Before we started, I commented to Tim Adamson, who was 8-0, that he was due for a bad draw. He didn't get it, going on to pull nine power tiles, seven of them within the first 7 plays to completely demoralize me. I had to tell myself that even if I had not given up two turns trying NERVETIC* and NERVITIC* when I could have played EVICT for 42, that I still would have lost (but not by a whopping 158).

Joe Gaspard and I traded bingos, BOONIEs for URAEMIAS, and then I was able to nurture a lead up to bingo range. Then he played ERN, and my incoming bingo radar started to ping wildly.



6-4 was better than I would have expected with two games to play, and just when I started to dream of getting back to 1800 if I went 8-4, disaster struck as I had nine power tiles drawn against me for the second time in the tournament. I never even got to play the one S I drew and held for 10 turns while I was first consonant heavy and then vowel heavy. After I finally ran out of vowels to play through and exchanged, leaves of ENST, EENST, EONS, EIONS, and EIS yielded not a bingo with an S hook glaring until Keith finally hit it with REMIXes to seal my doom.

Meanwhile, Tim Adamson was 11-0. Freakin' incredible!!!

After I finished getting Keith's bullshit win off my chest, I turned my attention to the tally board and realized that Keith had screwed me doubly, because he hadn't beaten me by enough! 18 more points, and he would have moved into 2nd place and had the honor of playing Tim Adamson, who was clearly on fire. Sure, beating him would be better for my rating, but clearly nobody was able to beat him, so I would rather have played someone else.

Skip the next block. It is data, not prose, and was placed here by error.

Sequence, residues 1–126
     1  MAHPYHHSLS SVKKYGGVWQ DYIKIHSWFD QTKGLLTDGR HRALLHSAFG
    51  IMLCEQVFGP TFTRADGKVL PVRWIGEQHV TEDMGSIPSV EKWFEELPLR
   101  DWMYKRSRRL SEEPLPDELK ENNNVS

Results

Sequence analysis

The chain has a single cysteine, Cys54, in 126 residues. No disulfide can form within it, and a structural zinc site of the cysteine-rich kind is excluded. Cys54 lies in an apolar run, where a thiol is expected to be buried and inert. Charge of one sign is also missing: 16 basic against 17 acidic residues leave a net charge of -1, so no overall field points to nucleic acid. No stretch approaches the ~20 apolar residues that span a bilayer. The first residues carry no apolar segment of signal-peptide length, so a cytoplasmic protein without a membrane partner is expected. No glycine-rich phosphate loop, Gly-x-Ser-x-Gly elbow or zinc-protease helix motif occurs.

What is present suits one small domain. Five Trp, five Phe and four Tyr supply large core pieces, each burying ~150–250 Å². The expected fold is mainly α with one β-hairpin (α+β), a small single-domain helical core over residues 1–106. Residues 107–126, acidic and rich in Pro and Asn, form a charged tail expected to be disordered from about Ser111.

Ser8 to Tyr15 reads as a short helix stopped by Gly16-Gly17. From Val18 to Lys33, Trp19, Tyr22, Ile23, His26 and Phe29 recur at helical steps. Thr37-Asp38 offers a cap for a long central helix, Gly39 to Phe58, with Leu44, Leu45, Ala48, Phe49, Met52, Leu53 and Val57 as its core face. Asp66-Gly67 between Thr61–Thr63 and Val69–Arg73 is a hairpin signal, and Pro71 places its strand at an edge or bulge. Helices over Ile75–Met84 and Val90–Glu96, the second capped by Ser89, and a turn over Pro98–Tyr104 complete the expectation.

Tim went first in our game, and I thought--great, like he needs more luck. Then I found myself with AIOOQZ?, and I grumbled some more over the worthless combination of power tiles I had drawn. Sure, I played the Z for 33, but then I had to dump AOOBQ rather than hang QUA or AQUA next to a DWS for just 12 or 13 points. Then I drew more power tiles, again in an awkward combination, AAJLST?. Then another S, and I managed JOTS/ZIGS for 33 to stay 15 points ahead, so it wasn't a total waste. But still no bingo materializing, and Tim beat me to it with VAmOOSE. Thankfully, I found AGiTATO in the triple column to go head by 30. From that point it was tense as I tried to mantain my lead while waiting for the hammer to come down. Never have I been so glad that most of the power tiles were gone. When I drew the final S, I felt better, but the Q was still a danger, and I felt frustrated that I couldn't find a way to set up a good S play along a triple line. I did draw the Q, and I held an A and D with several Is and a T in the bag. But I had a bad feeling about holding it, so I exchanged at the last possible moment. I played two tiles on my next turn, and, with 2 in the bag, one on the turn after that, and I was greatly relieved to not find the Q in my hand. That pretty much did it, so POLARISE to go out was just icing on the cake. Actually, more than that--it meant a better chance at winning the prize for most bingos. Twin Cities was the first tournament I'd been to at which such a prize was given out (to my knowledge).